"It's very much part of our job to be with them and help them through that growing time," Dawn said, explaining the duties of priesthood to her acolytes. The celebrations include picking up litter in local beauty spots - which looks very public spirited to the non-Pagan but means far, far more. "In one sense it's going around saying `This litter doesn't belong here' and removing that and. . . er . . . in another sense it's saying that life's very much about going around and trying to help everything around to realise the best that it can," said one pupil, stumbling his way towards the light. "Picking up our own inner litter," added Dawn, in a cosily encouraging manner.
Ian Sellar's film was a decidedly odd affair, one of those good ideas that turns out to be not quite as good as you first thought but then scrapess through anyway, by virtue of a resolute determination not to be daunted by the problems. There were pointswhere it was clear that they were scrabbling around for material to fill out the hour - they extended their guided tour of cult headquarters to include the local hospital, famous for its wartime work in plastic surgery, and Sackville College, a charitable foundation for the elderly. I suppose these were both benevolent institutions but they were hardly religions as such and quite different from the theological corporations that which have decided that East Grinstead is the power address for those in the soul business.
You didn't get an answer to the question posed by the title. You got several - it was all due to "a river of energy" pouring down the high street, according to a party of genial dowsers; "coincidence" said the local vicar; "Gatwick Airport" offered a Roman Catholic priest. That last suggestion seemed most plausible, particularly in the case of multinational certainty merchants like the Church of Latter Day Saints and the Scientologists. It's very handy, after all - you can pop into the Rosicrucian headquarters to take some advice on how to "live with cosmic consciousness as a permanent feature of your life" and still be at the check-in within 20 minutes.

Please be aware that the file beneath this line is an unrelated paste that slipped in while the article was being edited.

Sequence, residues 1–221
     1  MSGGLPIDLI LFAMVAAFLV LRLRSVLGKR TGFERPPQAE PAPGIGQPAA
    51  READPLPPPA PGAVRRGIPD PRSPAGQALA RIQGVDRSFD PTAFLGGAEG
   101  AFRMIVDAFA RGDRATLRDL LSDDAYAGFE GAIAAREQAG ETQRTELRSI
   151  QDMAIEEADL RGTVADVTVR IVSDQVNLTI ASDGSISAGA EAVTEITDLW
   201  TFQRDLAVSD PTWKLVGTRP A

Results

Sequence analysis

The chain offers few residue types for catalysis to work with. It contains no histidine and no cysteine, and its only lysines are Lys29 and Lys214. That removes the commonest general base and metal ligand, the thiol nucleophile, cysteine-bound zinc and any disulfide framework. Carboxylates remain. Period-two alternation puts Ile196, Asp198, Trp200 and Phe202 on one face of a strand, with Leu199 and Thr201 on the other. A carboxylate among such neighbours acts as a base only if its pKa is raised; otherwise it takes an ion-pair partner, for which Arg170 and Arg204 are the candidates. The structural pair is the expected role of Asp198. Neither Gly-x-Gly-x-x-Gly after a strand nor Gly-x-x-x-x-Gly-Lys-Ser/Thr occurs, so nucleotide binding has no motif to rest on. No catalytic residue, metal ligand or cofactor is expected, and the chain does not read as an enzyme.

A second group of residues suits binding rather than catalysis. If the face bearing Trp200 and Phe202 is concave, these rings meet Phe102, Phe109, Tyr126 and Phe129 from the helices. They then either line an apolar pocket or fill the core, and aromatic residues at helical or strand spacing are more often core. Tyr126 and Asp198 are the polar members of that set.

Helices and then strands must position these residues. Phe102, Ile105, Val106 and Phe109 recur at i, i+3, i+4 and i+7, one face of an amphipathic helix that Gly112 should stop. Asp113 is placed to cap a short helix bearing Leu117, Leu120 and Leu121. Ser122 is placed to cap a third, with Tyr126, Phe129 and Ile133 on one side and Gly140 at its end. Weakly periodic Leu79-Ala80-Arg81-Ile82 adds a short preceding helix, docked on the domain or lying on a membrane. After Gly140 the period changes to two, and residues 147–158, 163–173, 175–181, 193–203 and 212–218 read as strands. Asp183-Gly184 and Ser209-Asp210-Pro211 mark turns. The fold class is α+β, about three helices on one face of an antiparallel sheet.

The spookiest show in town, despite stiff competition from the Mormons, was the Scientologists. If shop dummies had a spiritual dimension the result might be something like this immaculately groomed, plastic conviction. Peter Zimmatore, now an "international auditor" explained that his conversion had followed a long period of interest in Eastern religions. Then he came up against Ron and his E-meter (two baked bean cans attached to a voltmeter) and realised that "Dianetics took all of the maybes out of it". Many religions are drugs for the dispersal of maybes, but in this case the cure looked much worse than the illness - a sterilization of the spirit. The greatest mystery the programme left you with, though, was not why people fall for this stuff but what on earth Alan Ayckbourn was up to. He appeared periodically, apparently at random, to maunder self-consciously about human spirituality. He looked as if he profoundly desired to be somewhere else - but what strange, inexplicable force had drawn him in front of the camera?Reuse content